Parkin is composed of 465 amino acids and is encoded by the second largest human gene after antinutrophin. In 1998, Parkin was identified as the pathogenic gene underlying autosomal recessive juvenile Parkinson’s disease (AR-JP) (Pickrell and Youle, 2015). PINK1 is another pathogenic gene associated with early-onset Parkinson’s disease, including AR-JP (Singleton et al., 2013). PINK1 and Parkin exhibit different molecular functions: one is a protein kinase, the other is a ubiquitin ligase, but they have the same pathogenic effect. PINK1/Parkin, as a classical mitochondrial self-regulation pathway, has been widely studied by scholars (Nardin et al., 2016). PINK1, as a surveillance molecule, constantly monitors the health of mitochondria under physiological conditions and responds quickly when mitochondria are damaged. In healthy mitochondria, PINK1 is rapidly degraded by the UPS during its passage through mitochondrial membranes. In contrast, damaged mitochondria cause PINK1 accumulation due to the loss of membrane potential. This leads to rapid recruitment and activation of Parkin and subsequent initiation of mitophagy (Nguyen et al., 2016). Under physiological conditions, Parkin is maintained in a “closed” state through multiple intramolecular interactions, making its inhibitory state the basal condition. PINK1 activates Parkin by directly phosphorylating Ser65 in the Parkin Ubl domain (Bingol and Sheng, 2016). Mutations in both Parkin and PINK led to significant inhibition of mitochondrial protein renewal and mitophagy. The accumulation of damaged mitochondria is the main cause of Parkinson’s disease (Wang et al., 2016). In decades, the PINK1/Parkin pathway has been proved to have great influence in osteoblast function. Parkin activates the β-catenin signaling pathway to enhance autophagy and promote the differentiation of BMSCs into osteoblasts. In contrast, self-regulation of Parkin expression leads to accelerated osteoblastic differentiation, causing steatosis of MSCs and reduced expression of type I collagen (Zhang W. et al., 2020). VK2 reversed the inhibition of dexamethasone-induced autophagy by upregulating the expression of Parkin and other autophagy and mitochondrial markers, thereby increasing osteoblast function (Chen et al., 2020). These findings suggest that in-depth study of the PINK1/Parkin activation mechanism may lead to a better understanding and new ideas for autophagy-related cytoprotection.

5 Discussion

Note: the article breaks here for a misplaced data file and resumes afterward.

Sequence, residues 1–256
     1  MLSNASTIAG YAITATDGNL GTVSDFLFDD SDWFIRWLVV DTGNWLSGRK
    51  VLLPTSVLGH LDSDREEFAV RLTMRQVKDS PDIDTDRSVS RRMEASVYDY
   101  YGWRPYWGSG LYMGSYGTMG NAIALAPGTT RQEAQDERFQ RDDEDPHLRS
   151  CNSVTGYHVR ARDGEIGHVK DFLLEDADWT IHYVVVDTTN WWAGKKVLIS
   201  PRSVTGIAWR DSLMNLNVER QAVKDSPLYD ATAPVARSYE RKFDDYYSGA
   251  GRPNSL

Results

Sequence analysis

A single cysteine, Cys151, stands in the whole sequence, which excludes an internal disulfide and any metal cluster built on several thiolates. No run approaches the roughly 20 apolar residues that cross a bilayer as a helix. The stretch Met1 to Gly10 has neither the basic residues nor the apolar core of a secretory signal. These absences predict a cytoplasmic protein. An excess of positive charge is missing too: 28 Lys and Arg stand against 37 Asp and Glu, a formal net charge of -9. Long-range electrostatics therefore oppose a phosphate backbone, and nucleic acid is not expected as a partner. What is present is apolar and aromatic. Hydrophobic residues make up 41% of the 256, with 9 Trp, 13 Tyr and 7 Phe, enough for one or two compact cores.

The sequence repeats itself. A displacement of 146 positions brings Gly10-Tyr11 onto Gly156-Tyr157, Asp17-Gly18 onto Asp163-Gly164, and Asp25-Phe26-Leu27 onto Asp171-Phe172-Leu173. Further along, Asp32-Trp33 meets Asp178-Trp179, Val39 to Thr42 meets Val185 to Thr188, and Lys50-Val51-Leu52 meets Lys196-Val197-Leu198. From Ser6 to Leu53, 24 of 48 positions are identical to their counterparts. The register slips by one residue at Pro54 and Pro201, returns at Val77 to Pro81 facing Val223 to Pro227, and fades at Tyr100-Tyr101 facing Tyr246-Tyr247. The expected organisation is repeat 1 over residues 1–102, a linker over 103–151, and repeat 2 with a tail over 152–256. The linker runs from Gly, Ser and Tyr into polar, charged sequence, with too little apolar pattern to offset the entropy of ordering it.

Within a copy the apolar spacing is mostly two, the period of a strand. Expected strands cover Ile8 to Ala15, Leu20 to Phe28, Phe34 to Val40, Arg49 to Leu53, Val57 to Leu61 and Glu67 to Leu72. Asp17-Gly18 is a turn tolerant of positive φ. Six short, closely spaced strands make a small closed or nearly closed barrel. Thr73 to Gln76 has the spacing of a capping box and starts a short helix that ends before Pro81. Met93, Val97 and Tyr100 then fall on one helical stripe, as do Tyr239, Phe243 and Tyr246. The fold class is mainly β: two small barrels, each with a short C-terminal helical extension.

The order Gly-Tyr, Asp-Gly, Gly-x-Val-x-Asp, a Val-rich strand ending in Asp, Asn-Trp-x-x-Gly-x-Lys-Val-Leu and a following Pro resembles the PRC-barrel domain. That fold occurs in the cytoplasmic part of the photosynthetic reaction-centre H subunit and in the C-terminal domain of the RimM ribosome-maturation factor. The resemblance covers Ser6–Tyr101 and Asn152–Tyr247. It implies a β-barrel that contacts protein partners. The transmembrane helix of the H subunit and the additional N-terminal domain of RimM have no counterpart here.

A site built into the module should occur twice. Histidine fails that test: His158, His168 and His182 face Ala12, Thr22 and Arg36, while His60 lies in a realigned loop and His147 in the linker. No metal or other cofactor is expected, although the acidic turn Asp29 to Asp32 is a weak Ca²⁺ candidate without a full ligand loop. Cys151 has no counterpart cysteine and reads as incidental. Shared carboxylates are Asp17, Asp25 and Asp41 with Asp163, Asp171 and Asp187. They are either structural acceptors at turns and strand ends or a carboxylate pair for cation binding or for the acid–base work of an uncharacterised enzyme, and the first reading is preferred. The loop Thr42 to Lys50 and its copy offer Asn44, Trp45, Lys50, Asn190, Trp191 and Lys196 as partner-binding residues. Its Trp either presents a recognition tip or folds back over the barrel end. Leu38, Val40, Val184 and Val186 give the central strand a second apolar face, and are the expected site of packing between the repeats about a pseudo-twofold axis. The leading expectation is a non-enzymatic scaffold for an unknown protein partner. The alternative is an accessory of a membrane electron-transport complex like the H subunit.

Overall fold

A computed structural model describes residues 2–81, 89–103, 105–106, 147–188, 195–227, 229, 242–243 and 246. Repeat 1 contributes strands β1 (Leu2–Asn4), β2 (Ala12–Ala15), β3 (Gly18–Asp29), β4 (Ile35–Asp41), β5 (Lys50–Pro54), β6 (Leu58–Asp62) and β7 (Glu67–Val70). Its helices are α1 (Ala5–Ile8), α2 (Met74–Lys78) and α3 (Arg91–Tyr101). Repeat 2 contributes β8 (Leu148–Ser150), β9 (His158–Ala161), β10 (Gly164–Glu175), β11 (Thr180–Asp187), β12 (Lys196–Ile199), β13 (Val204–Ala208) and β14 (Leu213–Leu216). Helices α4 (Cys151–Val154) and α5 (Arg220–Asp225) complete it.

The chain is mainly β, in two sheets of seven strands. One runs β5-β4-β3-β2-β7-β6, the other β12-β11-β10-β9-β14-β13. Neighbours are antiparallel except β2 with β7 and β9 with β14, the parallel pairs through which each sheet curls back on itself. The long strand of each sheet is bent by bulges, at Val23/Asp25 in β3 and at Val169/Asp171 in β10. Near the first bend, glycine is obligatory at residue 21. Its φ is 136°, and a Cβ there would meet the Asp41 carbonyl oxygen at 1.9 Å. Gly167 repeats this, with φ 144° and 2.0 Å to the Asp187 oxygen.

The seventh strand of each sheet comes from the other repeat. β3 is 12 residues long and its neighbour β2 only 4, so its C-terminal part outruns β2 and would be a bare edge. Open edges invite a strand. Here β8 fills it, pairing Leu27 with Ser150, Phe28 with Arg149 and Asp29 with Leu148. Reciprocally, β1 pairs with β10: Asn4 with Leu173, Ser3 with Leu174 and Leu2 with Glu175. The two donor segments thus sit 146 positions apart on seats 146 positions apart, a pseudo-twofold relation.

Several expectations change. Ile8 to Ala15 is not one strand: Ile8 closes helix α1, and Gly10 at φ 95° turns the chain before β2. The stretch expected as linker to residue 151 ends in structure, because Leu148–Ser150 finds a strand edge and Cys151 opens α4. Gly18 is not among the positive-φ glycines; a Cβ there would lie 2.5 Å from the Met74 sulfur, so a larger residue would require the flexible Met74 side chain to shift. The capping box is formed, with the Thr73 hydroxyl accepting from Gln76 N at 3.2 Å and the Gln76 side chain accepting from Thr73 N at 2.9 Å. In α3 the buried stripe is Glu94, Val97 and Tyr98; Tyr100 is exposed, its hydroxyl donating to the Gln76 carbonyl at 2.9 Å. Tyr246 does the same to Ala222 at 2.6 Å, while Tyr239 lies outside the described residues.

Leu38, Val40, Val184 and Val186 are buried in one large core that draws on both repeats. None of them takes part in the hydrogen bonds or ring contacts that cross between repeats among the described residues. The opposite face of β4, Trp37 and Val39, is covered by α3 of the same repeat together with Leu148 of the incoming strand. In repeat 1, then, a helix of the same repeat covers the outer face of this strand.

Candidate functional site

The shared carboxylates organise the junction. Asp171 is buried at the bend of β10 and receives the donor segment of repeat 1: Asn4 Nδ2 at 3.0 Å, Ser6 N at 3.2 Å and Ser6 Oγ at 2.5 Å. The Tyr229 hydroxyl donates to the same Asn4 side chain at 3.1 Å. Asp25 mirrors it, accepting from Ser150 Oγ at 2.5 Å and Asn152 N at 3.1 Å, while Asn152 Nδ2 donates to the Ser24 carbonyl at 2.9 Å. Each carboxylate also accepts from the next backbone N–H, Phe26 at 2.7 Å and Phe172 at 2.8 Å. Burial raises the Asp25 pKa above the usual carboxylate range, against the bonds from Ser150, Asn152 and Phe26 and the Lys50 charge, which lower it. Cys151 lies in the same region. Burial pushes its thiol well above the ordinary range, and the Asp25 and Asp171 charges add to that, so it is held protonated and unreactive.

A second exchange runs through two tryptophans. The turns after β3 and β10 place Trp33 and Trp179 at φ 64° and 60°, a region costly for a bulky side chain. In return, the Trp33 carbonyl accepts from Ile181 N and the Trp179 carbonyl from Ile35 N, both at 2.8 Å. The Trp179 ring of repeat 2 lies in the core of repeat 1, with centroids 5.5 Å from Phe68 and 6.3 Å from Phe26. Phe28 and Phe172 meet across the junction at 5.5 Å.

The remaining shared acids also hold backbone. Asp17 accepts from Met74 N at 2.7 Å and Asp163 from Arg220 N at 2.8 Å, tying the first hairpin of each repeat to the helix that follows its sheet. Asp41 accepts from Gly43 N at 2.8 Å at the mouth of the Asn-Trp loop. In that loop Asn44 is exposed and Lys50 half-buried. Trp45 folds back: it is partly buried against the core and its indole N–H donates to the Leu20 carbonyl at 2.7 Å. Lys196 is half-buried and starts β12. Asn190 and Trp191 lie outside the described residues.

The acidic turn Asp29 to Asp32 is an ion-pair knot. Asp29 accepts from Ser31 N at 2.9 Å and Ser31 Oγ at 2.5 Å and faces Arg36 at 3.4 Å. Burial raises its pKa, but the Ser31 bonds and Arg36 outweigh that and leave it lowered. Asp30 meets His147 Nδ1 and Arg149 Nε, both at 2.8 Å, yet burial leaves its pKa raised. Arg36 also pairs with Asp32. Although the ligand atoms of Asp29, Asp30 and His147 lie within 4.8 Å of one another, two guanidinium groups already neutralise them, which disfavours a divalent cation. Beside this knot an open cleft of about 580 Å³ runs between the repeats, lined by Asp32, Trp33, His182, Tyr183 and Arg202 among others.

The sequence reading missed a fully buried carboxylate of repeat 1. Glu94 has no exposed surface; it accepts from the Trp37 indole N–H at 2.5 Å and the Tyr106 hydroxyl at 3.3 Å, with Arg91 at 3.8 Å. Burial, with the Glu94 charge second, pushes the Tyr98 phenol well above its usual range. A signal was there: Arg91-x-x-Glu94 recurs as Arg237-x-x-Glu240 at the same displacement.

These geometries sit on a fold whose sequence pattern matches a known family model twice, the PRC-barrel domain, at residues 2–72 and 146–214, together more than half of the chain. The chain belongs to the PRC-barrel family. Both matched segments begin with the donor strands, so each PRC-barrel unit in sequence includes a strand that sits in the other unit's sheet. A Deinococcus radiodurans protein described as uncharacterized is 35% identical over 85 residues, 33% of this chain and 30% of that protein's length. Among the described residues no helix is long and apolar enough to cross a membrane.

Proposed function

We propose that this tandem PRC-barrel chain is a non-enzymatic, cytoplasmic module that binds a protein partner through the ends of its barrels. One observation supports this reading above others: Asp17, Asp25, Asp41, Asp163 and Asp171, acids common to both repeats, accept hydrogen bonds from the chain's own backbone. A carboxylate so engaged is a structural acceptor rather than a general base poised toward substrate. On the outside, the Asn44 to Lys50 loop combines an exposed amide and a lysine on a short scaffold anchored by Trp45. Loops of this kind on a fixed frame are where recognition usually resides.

To date, the pathological mechanism underlying PPOL has not been fully clarified. The function and metabolic changes in many cells of bone tissue are involved. Osteoblasts, derived from BMSCs, are important sources of bone cells that represent the final differentiation state of osteoblast cell lines. Therefore, changes in the function and activity of osteoblasts have an indispensable influence on the occurrence and development of PPOL. Autophagy, as a self-protective and self-purification process, plays a substantial role in maintaining the function and activity of osteoblasts. A large amount of credible evidence suggests that autophagy is involved in the development and differentiation of osteoblasts and the maintenance of bone homeostasis. Activation of autophagy in response to environmental stress or foreign stimuli enhances osteoblast activity and inhibits osteoblast apoptosis. Activation of autophagy is indispensable in the early stages of BMSC differentiation into osteoblasts. Moreover, the activation of autophagy alleviates the oxidative stress damage induced by Ti particles and increases the antioxidative capacity of osteoblasts. Since autophagosomes are vehicles for secreting apatite crystals into the extracellular space, autophagy is identified as necessary for the initiation of osteoblast mineralization. Impaired autophagy causes osteoblast failure to clear damaged organelles or remain viable in a nutrient-deficient state, which leads to osteoblast apoptosis and disrupts the bone-remodeling balance. In contrast, the overactivation of autophagy leads to irreversible osteoblast self-degradation, which causes dysregulated bone homeostasis. Therefore, autophagy regulatory mechanisms have been proven to increase the activity and function of osteoblasts and thus play important roles in metabolic diseases of bone. In this review, we summarized and discussed several signaling pathways that have been shown to regulate autophagy in osteoblasts under physiological conditions and during pathological changes in bone metabolism. AMPK, mTOR and ULK1 regulate each other to maintain autophagy stability and prevent excessive autophagy activation. Crosstalk between the NF-κB signaling pathway and autophagy pathway components is complex. Activation of NF-κB signaling may exert opposite effects on autophagy in different cells or diseased tissue. NF-κB mainly plays a role in affecting downstream autophagy genes, such as Binp3, Beclin1, and mTOR. FoxO3 mainly mediates autophagy initiated by nutrient deficiency. FoxO3 is activated during cell starvation to mediate autophagy. However, continuous inhibition of autophagy can induce FOXO3 to initiate apoptosis. Beclin1 plays a significant role in the generation and regulation of autophagy, as it is a key component of autophagosome formation. Beclin1 induces autophagosome nucleation and maturation by forming complexes with different molecules. Moreover, its dynamic binding with Bcl-2 is crucial for the stability of autophagic flux. Sirt1 affects autophagy mainly through its regulation of key components in the autophagy induction network; these components include Atg5, Atg7 and Atg8. Sirt1 also induces the expression of autophagy pathway components by activating FoxO family members. However, the autophagic gene network is constructed by multiple signaling pathways, and multiple signaling pathway components engage in crosstalk. Unfortunately, research on autophagy mechanisms to date has been insufficient, and more in-depth research is still needed. The autophagy signaling pathway in osteoblasts reviewed in this paper is only part of the autophagic gene network, and the activation and action modes of each signaling pathway may not be limited to those discussed herein. Future research should focus on the crosstalk among different autophagic signaling pathway components so that we can better understand the complex autophagic gene network.